Peak Blood Pressure Responses During Maximum Cardiopulmonary Exercise Testing: Reference Standards From FRIEND (Fitness Registry and the Importance of Exercise

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Abstract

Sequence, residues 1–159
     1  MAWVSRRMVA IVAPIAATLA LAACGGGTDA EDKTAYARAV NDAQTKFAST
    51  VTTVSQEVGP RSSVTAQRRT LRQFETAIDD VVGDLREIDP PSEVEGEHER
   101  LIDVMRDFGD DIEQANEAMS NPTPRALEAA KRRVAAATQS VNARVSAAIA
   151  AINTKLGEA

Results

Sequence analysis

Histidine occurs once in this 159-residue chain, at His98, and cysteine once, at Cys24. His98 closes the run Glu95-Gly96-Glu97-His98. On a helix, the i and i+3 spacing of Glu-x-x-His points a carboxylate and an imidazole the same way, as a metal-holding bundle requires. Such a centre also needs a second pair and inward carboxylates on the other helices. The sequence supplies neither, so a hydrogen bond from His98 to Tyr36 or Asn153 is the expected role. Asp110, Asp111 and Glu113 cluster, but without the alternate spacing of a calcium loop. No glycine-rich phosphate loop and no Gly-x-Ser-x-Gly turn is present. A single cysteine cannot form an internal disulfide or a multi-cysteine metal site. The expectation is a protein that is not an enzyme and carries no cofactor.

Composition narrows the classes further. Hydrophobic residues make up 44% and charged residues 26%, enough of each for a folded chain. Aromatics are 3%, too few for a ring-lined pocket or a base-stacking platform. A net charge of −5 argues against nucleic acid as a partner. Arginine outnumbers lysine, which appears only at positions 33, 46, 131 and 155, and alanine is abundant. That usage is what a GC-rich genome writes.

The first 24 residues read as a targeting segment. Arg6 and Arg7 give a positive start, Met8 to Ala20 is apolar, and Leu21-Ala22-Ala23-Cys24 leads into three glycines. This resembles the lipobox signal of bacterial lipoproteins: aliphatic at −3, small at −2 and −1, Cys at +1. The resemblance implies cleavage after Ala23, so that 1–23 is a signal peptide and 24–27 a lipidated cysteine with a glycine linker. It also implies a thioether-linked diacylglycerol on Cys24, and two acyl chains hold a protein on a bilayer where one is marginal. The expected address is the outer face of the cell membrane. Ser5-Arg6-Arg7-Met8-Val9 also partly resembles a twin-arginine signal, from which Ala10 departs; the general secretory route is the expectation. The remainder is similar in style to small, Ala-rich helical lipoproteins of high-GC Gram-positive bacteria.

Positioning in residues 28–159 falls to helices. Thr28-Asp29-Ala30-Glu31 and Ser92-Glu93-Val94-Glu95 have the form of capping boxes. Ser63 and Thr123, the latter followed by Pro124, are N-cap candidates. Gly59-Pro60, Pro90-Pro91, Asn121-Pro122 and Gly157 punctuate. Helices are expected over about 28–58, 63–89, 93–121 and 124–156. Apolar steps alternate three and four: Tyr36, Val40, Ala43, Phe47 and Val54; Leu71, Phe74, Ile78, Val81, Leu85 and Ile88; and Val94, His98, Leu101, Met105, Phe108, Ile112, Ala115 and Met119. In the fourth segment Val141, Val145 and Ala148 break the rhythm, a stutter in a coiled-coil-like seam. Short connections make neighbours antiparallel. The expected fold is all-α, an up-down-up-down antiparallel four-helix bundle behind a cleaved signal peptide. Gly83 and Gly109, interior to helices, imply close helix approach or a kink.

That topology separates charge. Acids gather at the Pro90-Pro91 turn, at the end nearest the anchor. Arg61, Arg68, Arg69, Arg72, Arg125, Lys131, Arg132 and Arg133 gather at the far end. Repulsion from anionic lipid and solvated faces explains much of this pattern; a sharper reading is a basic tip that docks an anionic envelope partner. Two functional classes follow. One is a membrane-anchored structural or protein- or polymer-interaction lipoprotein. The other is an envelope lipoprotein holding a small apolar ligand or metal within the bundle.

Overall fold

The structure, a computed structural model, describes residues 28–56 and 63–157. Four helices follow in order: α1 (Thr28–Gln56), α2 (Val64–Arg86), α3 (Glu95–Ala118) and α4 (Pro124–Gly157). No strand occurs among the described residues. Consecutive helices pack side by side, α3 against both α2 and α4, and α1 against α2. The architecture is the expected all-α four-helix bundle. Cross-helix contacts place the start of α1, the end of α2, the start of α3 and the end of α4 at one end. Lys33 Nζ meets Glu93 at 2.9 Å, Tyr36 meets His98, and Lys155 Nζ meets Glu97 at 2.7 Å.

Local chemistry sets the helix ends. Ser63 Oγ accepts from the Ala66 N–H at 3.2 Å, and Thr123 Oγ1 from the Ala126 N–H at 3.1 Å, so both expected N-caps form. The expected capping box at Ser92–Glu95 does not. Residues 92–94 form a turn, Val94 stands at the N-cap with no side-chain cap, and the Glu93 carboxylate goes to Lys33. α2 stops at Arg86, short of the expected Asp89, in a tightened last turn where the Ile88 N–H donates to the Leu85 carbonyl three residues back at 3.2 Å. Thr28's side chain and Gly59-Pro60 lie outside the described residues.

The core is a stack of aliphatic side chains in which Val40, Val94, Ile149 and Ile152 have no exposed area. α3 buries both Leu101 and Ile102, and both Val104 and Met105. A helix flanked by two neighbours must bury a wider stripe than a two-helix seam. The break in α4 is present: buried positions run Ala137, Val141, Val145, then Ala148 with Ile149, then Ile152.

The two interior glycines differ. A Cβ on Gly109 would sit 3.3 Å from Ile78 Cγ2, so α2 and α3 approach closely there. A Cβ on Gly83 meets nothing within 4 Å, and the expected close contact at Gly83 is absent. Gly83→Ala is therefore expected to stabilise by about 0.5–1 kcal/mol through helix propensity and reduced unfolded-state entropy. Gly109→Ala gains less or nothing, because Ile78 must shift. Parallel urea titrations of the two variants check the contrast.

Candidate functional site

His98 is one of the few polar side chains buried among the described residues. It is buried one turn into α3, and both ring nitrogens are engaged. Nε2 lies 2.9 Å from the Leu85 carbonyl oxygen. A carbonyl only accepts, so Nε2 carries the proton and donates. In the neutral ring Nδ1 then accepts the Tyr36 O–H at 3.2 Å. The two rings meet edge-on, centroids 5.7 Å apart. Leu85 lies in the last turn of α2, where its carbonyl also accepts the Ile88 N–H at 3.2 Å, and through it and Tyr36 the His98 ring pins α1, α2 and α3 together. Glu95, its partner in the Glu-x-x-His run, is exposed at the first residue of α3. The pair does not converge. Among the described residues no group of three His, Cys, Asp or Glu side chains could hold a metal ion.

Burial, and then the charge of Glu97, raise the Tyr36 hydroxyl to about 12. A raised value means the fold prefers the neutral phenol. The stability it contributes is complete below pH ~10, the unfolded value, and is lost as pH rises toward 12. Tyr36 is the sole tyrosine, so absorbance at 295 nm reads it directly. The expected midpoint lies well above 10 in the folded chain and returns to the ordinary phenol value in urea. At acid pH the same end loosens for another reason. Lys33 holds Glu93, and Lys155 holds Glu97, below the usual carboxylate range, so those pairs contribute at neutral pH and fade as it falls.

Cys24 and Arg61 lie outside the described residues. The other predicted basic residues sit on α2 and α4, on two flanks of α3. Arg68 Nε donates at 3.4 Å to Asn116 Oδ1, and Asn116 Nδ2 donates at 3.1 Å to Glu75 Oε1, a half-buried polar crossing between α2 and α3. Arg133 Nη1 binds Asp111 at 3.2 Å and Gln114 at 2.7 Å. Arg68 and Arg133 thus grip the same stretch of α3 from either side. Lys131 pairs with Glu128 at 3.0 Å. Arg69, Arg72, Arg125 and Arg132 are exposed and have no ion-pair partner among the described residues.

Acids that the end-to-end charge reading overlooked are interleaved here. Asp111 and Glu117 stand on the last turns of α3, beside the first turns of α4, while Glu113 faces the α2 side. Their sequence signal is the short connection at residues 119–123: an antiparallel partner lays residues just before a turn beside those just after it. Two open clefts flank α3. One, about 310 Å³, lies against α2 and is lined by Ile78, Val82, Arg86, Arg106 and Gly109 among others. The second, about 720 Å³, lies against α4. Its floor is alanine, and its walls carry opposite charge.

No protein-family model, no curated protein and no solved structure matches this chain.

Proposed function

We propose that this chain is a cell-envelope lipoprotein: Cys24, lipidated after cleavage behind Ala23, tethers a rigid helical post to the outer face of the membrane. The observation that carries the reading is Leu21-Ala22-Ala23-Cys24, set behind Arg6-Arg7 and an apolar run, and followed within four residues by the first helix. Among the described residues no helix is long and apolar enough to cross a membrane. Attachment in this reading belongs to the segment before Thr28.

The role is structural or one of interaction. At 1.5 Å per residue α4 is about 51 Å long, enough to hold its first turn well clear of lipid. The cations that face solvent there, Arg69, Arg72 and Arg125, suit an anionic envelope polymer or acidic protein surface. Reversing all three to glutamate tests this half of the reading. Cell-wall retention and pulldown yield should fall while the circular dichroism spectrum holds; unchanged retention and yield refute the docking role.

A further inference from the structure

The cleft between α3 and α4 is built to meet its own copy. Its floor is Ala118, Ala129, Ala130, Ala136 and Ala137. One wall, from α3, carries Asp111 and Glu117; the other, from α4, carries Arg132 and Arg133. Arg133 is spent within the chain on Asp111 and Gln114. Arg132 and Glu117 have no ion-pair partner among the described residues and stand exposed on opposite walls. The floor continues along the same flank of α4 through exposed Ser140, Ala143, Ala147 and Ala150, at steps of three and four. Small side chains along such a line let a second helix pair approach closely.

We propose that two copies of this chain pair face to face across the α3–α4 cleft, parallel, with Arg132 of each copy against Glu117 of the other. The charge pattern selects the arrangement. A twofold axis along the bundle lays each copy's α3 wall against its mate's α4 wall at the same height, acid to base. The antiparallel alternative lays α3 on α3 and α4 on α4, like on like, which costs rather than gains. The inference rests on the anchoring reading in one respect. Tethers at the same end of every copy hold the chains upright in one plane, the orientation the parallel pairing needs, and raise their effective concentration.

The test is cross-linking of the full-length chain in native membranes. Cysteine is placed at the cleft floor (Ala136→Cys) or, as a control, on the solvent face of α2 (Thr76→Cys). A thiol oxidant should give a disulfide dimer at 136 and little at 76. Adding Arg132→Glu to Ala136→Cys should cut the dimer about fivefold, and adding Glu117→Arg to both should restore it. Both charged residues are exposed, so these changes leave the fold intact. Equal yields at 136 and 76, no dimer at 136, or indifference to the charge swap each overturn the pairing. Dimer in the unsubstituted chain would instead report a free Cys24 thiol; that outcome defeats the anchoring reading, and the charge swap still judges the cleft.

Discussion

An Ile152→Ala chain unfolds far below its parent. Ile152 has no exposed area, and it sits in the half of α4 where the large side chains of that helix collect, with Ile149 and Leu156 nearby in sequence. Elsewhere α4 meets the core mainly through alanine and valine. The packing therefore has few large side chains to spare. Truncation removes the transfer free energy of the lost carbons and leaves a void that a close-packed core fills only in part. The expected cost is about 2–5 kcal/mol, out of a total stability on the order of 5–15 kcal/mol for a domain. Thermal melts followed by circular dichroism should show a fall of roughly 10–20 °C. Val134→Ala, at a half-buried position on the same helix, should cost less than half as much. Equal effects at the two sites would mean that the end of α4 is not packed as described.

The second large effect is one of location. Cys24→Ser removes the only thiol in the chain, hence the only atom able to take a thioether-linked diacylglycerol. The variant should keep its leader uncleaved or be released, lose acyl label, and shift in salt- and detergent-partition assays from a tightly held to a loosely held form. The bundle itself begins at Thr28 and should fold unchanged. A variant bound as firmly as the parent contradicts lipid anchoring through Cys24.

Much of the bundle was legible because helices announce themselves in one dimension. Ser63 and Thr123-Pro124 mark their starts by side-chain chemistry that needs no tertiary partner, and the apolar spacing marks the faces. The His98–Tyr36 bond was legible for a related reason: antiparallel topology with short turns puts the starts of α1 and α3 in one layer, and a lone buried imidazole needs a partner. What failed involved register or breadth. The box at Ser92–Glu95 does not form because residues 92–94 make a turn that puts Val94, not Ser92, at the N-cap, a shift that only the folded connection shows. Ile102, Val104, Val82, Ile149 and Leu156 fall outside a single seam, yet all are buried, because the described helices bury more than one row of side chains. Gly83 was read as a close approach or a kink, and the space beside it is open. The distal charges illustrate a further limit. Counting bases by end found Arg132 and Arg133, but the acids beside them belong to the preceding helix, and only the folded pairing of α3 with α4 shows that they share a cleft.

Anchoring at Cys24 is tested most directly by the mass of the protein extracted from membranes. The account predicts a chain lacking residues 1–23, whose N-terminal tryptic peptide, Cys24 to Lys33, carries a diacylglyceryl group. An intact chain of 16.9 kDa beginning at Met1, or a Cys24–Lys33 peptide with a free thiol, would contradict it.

The objective of this study is to expand on previous efforts in establishing normative standards of exercising blood pressure (BP) at maximal physical exertion derived from treadmill cardiopulmonary exercise testing in the United States. Four experienced laboratories in the United States with established quality control procedures contributed data from September 1, 1986, to February 1, 2015. A total of 2917 maximal (peak respiratory exchange ratio ≥1.00) treadmill cardiopulmonary exercise testing responses from apparently healthy men and women (aged 20–79 years) without cardiovascular disease were submitted to FRIEND (Fitness Registry and the Importance of Exercise: A National Database). Percentiles of maximal systolic and diastolic BP were determined for each decade. Our results show a continued increase in peak systolic BP with age in both men and women to the sixth decade, followed by a plateau between the sixth and seventh decades. However, the trajectory of peak diastolic BP with age is different between men and women. Men showed an increase in peak systolic BP until the fifth decade, which plateaued by the seventh decade. In contrast, women showed a continued increase in peak diastolic BP across each decade. Existing reference data for exercising BP have not been updated for >20 years. Normative peak exercising BP values from FRIEND can be used to provide a more current representation of maximal BP during exercise testing in the US population.

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